Exposure to microwave radiation from mobile phones cause brain tumors - Microwave Essay Example

Exposure to microwave radiation from mobile phones cause brain tumors

 

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HYPOTHESIS

The life style and quality of life of human beings have changed a lot during the last few decades. Advancements in the area of science and technology have made this possible. Even though this has made life easier for modern man, they bring with them lot of health related issues in the form of many non-communicable diseases. Developments in science happen at such a rapid pace that most of the times the health consequences will be understood very late. The use of mobile phones has dramatically increased during the last 10 years all around the world. Since the introduction of cellular phone services in the 80s, the number of subscribers has steadily increased. But there has been a rapid increase in the number from the year 2000 which almost got doubled by 2004. According to the International Telecommunication Union (ITU), by the middle of 2004 the total number of mobile phone subscribers around the globe crossed 1.5 billion. This comes to around one – fourth of the total world population.

Mobile phones use electromagnetic radiations for functioning and use microwaves as carrier waves. There are two types of mobile phones known as analogue (first generation) mobile phones and digital (second and third generations) mobile phones. Since they are using microwaves, they can raise the temperature in the tissues which are kept close to them. This is explained by the fact that there will be absorption of high energy from electromagnetic radiations, which is dependent on electromagnetic field strength, wavelength of the electromagnetic waves and dielectric properties of the tissues (Kundi et al., 2004). The intensity of energy transfer is found to be higher with the first generation analogue mobile phones compared to the later digital ones. Since majority of mobile users hold the mobile phones close to their ears and use it, there is a concern that this could lead to pathological conditions in the brain.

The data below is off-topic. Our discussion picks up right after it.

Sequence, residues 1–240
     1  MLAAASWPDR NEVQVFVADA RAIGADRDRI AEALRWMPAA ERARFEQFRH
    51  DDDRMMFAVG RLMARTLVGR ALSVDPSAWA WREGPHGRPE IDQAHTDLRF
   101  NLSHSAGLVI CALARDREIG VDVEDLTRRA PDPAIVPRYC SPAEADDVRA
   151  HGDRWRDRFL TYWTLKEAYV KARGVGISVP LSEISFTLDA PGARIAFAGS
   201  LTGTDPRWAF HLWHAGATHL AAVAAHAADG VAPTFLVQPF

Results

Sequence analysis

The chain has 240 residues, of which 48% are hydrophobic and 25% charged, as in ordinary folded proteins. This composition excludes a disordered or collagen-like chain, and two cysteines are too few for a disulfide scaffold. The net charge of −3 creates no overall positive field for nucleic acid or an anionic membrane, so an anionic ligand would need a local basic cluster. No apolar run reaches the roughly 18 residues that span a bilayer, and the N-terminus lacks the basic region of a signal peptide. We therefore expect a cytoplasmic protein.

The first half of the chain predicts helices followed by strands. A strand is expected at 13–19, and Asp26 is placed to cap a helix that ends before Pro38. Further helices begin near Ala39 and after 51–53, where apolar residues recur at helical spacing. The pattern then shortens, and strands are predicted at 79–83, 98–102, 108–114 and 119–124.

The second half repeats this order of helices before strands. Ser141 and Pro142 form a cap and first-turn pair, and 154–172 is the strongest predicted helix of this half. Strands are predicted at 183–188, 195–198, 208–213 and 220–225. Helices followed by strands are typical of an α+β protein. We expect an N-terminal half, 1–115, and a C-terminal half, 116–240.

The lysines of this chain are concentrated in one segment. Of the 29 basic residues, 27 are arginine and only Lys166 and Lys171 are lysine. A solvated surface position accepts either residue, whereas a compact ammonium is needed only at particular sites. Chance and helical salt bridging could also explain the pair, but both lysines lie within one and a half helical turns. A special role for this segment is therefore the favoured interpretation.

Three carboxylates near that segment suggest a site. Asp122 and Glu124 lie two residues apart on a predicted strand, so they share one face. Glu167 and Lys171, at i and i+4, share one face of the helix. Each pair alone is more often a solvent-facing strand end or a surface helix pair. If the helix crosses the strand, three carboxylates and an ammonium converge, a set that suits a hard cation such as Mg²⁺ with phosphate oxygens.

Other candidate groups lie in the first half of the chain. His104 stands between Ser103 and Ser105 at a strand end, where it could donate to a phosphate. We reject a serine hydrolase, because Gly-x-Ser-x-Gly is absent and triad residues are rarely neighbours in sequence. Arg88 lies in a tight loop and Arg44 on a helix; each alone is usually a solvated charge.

Health concerns associated with the use of mobile phones include brain tumors, short-term memory, depression, sleep disturbances and tiredness. Of these, brain tumor is the most important pathological condition affecting the health with far reaching consequences, associated with the use of mobile phones. A number of epidemiological studies have been conducted to evaluate the role of mobile phones in the causation of brain tumors. But the existing scenario poses different problems as the population has never been exposed to this much electromagnetic radiation and that too at very close ranges. More over, only two decades have elapsed after the introduction of mobile phones. Due to these reasons the concern of an association between mobile phone use and brain tumor incidence still prevails.

The hypothesis for this research analysis can be stated as ‘there is an increased risk for developing brain tumors with exposure to microwave radiation from mobile phone use’. This research paper will assess the scientific basis of this hypothesis, evaluate the scientific evidence in support of and against this hypothesis, and critically analyze the evidence.

 
EVIDENCE

Studies in support of the hypothesis

Many biological studies have shown that there are changes in the brain that includes leakage of blood-brain barriers, increased frequency of micronuclei and activation of heat shock proteins. Studies conducted in rats show that there is significant leakage of albumin through the blood-brain barrier. Neuroanatomical studies conducted in Sweden conclude that mobile phone electromagnetic radiations cause neuronal damage in the cortex, hippocampus, and basal ganglia in the brains of exposed rats (Salford et al., 2003). Human endothelial cell cultures were exposed to mobile phone radiation. It was observed that one hour exposure to mobile phone radiations produced phosphorylation changes in the neurons and there was abnormal expression of heat shock proteins, a protein expressed in the stress response pathway (Leszczynski et al., 2002). The uthors of this study presumed that repeated use of mobile phones over a long period of time could lead to brain tissue damage and brain tumors as the heat shock proteins are well known to facilitate the development of brain cancer by inhibiting the cytochrome c/caspase-3 apoptotic pathway and cause an increase in blood-brain barrier permeability.

Many epidemiological studies also support the hypothesis that there is association between brain tumors and mobile phone use. Hardell et al (1999) published the first epidemiological study showing a relation between brain tumors and mobile phone radiations (Hardell et al., 1999). It was a case control study done in reported cases of brain tumors. The study included 233 brain tumor patients from different parts of Sweden. Matched controls, two for each case, were also selected from the Swedish population. The study concluded that there was increased risk for developing brain tumor with increased use of mobile phones and the authors suggested the possibility of an increased risk for brain tumor in the anatomical area close to the use of a cellular telephone.